Another certificate type is an SSL or TLS client certificate. This is an optional component of SSL, TLS connections and is less commonly seen than server certificates. As the name implies, these are certificates that are bound to clients and are used to authenticate the client to the server, allowing access control to a SSL, TLS service. These are different from server certificates in that the client certificates aren’t issued by a public CA. Usually the service operator would have their own internal CA which issues and manages client certificates for their service. There are also code signing certificates which are used for signing executable programs. This allows users of these signed applications to verify the signatures and ensure that the application was not tampered with. It also lets them verify that the application came from the software author and is not a malicious twin.
We’ve mentioned certificate authority trust, but not really explained it. So let’s take some time to go over how it all works. PKI is very much dependent on trust relationships between entities, and building a network or chain of trust. This chain of trust has to start somewhere and that starts with the Root Certificate Authority. These root certificates are self signed because they are the start of the chain of trust. So there’s no higher authority that can sign on their behalf. This Root Certificate Authority can now use the self-signed certificate and the associated private key to begin signing other public keys and issuing certificates. It builds a sort of tree structure with the root private key at the top of the structure. If the root CA signs a certificate and sets a field in the certificate called CA to true, this marks a certificate as an intermediary or subordinate CA. What this means is that the entity that this certificate was issued to can now sign other certificates. And this CA has the same trust as the root CA. An intermediary CA can also sign other intermediate CAs. You can see how this extension of trust from one root CA to intermediaries can begin to build a chain. A certificate that has no authority as a CA is referred to as an End Entity or Leaf Certificate. Similar to a leaf on a tree, it’s the end of the tree structure and can be considered the opposite of the roots.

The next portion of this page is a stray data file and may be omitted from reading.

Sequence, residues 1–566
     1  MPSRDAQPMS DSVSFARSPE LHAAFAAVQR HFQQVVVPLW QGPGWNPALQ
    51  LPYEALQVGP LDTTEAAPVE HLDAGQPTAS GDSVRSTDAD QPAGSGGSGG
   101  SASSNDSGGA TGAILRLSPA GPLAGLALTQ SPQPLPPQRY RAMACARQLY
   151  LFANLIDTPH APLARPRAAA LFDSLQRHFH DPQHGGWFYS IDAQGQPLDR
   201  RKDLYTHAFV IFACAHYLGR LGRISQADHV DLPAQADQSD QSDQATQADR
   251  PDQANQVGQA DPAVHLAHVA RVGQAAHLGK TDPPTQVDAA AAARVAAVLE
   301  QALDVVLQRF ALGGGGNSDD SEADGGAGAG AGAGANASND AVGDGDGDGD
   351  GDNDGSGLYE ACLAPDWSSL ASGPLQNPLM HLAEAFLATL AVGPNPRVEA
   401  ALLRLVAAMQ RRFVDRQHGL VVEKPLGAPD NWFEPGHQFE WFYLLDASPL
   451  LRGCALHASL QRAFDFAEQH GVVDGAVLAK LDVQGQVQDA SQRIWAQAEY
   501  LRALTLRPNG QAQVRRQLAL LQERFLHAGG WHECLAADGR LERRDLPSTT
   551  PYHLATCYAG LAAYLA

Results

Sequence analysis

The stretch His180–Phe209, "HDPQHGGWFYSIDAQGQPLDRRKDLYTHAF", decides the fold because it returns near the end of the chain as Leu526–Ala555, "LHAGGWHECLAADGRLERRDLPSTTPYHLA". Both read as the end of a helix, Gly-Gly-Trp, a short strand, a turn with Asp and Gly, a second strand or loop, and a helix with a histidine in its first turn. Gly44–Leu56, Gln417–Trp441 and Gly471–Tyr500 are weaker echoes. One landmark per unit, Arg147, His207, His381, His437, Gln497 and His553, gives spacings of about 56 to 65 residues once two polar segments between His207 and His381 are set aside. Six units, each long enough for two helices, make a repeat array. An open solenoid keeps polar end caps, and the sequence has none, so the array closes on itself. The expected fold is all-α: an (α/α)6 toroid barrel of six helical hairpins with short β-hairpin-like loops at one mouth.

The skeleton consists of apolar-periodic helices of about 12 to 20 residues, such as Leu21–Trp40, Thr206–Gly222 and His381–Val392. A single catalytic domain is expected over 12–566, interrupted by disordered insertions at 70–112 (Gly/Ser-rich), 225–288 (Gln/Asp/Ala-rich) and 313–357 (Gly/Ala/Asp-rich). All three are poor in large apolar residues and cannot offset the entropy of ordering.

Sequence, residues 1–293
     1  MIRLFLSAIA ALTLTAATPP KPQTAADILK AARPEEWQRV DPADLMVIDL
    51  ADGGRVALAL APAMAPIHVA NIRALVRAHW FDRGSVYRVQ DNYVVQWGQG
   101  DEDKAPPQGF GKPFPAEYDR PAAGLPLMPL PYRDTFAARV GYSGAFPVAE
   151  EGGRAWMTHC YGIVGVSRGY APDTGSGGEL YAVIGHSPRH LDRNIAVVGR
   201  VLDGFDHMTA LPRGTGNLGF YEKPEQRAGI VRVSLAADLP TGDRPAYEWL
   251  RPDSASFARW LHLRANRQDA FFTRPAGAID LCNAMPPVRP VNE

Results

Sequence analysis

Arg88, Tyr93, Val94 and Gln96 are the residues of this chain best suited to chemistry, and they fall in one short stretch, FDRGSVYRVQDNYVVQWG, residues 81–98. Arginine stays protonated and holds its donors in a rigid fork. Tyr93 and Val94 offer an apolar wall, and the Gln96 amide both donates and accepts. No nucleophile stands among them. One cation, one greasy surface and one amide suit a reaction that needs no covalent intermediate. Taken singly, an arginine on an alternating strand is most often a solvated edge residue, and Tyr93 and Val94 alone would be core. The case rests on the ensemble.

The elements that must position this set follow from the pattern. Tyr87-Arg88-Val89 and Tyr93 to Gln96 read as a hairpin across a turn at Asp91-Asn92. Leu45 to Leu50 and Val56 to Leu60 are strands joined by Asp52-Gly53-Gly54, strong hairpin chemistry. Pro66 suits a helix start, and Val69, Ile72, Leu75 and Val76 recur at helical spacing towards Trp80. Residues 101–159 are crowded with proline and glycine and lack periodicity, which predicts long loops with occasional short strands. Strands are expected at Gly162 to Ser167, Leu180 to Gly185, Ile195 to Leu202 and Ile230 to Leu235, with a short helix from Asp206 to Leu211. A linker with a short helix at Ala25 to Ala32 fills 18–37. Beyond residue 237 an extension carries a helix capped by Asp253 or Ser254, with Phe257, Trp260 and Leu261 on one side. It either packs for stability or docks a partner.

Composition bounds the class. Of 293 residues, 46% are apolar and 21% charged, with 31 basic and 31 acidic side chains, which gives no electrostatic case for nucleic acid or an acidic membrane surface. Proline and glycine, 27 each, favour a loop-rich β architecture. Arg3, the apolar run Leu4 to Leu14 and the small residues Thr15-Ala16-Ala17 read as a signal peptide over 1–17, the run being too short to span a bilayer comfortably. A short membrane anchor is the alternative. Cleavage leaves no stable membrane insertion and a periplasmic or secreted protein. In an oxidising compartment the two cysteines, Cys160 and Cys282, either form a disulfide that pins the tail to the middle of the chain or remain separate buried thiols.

You might be wondering how these root CAs wind up being trusted in the first place. Well, that’s a very good question. In order to bootstrap this chain of trust, you have to trust a root CA certificate, otherwise the whole chain is untrusted. This is done by distributing root CA certificates via alternative channels. Each major OS vendor ships a large number of trusted root CA certificates with their OS. And they typically have their own programs to facilitate distribution of root CA certificates. Most browsers will then utilize the OS provided store of root certificates.
Let’s do a deep dive into certificates beyond just their function. The X.509 standard is what defines the format of digital certificates. It also defines a certificate revocation list or CRL which is a means to distribute a list of certificates that are no longer valid. The X.509 standard was first issued in 1988 and the current modern version of the standard is version 3. The fields defined in X.509 certificate are, the version, what version of the X.509 standard certificate adheres to. Serial number, a unique identifier for their certificate assigned by the CA which allows the CA to manage and identify individual certificates. Certificate Signature Algorithm, this field indicates what public key algorithm is used for the public key and what hashing algorithm is used to sign the certificate. Issuer Name, this field contains information about the authority that signed the certificate. Validity, this contains two subfields, Not Before and Not After, which define the dates when the certificate is valid for. Subject, this field contains identifying information about the entity the certificate was issued to. Subject Public Key Info, these two subfields define the algorithm of the public key along with the public key itself. Certificate signature algorithm, same as the Subject Public Key Info field, these two fields must match. Certificate Signature Value, the digital signature data itself. There are also certificate fingerprints which aren’t actually fields in the certificate itself, but are computed by clients when validating or inspecting certificates. These are just hash digests of the whole certificate.